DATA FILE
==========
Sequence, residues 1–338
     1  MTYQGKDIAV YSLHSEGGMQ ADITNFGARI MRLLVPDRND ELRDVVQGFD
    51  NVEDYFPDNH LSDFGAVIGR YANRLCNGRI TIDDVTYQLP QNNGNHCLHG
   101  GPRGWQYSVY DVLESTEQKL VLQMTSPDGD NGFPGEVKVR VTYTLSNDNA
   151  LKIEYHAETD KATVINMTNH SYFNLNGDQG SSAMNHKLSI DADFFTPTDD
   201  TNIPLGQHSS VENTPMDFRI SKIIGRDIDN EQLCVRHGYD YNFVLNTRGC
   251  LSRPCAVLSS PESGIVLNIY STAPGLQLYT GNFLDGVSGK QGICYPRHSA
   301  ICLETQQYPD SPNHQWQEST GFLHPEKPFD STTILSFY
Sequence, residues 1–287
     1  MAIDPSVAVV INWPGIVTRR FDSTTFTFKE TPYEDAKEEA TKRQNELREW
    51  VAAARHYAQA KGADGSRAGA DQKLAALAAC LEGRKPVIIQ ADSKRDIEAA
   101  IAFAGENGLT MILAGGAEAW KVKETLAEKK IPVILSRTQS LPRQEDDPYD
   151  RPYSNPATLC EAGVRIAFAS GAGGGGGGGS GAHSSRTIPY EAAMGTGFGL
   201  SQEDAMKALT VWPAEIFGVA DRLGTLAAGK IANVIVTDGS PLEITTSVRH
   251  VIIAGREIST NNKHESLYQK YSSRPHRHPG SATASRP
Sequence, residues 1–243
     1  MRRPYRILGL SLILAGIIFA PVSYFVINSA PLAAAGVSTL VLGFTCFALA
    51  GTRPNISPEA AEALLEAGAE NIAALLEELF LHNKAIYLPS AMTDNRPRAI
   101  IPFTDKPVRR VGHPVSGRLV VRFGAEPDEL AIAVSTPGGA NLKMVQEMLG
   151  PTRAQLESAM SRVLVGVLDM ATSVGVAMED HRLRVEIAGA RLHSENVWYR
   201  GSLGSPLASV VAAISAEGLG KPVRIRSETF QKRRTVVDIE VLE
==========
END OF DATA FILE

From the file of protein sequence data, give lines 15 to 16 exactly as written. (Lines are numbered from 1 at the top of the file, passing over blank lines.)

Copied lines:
   251  VIIAGREIST NNKHESLYQK YSSRPHRHPG SATASRP
Sequence, residues 1–243